Physics of membrane superstructures

  Michael M. Kozlov  
Tel-Aviv University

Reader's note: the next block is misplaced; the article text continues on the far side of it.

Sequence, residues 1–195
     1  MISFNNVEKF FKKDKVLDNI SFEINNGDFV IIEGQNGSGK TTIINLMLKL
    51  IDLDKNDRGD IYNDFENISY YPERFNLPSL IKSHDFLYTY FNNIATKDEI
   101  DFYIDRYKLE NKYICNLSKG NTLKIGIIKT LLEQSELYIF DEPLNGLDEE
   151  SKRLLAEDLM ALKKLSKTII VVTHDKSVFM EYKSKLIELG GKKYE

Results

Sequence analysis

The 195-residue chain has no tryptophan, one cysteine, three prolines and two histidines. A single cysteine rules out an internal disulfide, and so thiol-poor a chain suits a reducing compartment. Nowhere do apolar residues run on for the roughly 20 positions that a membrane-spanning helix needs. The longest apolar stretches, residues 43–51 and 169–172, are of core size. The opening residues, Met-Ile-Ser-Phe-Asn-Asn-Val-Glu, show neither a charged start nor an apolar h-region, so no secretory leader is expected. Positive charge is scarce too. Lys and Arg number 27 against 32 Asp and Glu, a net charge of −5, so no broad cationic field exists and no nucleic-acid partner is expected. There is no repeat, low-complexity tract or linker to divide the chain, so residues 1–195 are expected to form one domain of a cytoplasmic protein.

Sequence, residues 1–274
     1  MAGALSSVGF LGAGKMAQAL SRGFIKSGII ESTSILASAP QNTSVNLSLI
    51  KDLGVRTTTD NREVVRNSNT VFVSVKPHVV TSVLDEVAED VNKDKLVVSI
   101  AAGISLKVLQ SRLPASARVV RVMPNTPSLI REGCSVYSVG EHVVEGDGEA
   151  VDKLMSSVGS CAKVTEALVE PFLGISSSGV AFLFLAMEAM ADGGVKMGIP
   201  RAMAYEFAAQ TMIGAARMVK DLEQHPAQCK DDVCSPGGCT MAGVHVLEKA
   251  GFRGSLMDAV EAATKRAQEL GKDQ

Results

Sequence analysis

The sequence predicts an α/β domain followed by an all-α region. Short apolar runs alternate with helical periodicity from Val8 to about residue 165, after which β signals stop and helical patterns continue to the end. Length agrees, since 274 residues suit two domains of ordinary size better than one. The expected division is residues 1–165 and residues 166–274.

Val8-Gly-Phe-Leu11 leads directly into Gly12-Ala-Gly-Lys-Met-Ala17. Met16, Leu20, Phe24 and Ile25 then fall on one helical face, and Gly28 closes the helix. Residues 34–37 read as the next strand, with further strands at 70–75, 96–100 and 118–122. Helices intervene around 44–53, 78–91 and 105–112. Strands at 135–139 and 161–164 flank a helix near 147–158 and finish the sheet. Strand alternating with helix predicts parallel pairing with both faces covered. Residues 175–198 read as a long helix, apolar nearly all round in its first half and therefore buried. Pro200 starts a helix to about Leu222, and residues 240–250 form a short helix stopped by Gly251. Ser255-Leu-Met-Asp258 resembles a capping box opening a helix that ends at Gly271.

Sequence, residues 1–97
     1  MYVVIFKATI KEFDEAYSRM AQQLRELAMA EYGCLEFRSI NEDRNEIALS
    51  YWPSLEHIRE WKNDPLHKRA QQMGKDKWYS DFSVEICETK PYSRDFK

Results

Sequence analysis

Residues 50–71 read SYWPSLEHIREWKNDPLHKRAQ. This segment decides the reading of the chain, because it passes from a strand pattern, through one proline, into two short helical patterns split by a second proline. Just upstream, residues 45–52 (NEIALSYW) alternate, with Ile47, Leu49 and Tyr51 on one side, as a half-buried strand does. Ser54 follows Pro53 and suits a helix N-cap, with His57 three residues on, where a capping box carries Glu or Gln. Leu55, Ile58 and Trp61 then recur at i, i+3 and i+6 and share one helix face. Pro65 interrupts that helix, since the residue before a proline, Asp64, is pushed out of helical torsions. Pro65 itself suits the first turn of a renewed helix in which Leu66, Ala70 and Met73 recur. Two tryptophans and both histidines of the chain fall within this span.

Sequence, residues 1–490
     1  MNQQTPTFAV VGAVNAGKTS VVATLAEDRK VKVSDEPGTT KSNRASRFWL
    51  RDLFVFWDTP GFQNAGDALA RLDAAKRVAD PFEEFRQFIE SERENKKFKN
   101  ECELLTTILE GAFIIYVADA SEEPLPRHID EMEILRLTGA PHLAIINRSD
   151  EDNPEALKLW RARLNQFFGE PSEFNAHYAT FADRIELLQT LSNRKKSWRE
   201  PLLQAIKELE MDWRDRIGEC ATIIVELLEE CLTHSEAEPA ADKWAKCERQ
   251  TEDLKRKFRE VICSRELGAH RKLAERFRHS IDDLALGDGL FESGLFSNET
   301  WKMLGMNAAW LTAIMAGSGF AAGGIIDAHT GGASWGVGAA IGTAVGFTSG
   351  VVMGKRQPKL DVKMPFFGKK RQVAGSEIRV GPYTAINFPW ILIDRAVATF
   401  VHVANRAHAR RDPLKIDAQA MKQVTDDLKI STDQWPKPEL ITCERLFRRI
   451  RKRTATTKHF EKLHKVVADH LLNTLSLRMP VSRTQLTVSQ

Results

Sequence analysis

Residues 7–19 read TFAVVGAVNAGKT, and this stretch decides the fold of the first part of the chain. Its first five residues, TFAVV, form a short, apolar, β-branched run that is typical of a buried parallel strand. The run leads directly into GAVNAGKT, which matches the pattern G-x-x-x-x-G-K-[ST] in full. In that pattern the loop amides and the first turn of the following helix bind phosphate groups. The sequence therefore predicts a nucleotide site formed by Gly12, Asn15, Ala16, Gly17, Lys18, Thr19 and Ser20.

Biological membranes serving as envelops of cells and cellular organelles adopt highly intricate shapes.  A common architectural feature of these organelles is a huge excess of the surface area compared to that minimally needed to covers the internal volume, which must be related to the organelle functions requiring an efficient molecular exchange between the internal volume and the surrounding cytosol. This geometrical property is achieved by strong deviations of the organelle shapes from the spherical ones, which can be realized by a, practically, infinite variety of membrane configurations. Particular intricate shapes referred to as superstructures are achieved by membranes of such intracellular organelles as endoplasmic reticulum (ER), Golgi Complex, mitochondria and protrusions of the plasma membrane. Membrane superstructures are generated through mechanical interplay between the lipid bilayer membrane matrix and the membrane associated proteins. The goal of the talk is to overview our recent progress in understanding the physics behind formation of membrane superstructures in three particular systems: stacks of ER sheets; Lipid Droplets; and clusters of caveolae on plasma membranes. After a short introduction into the continuous elasticity model of membranes I will present computational results on the “parking garage” configurations of ER stacks, conformations of ER tubules containing Lipid Droplets, and rosette-like assemblies of caveolae. Unresolved problems related to the considered systems will be mentioned.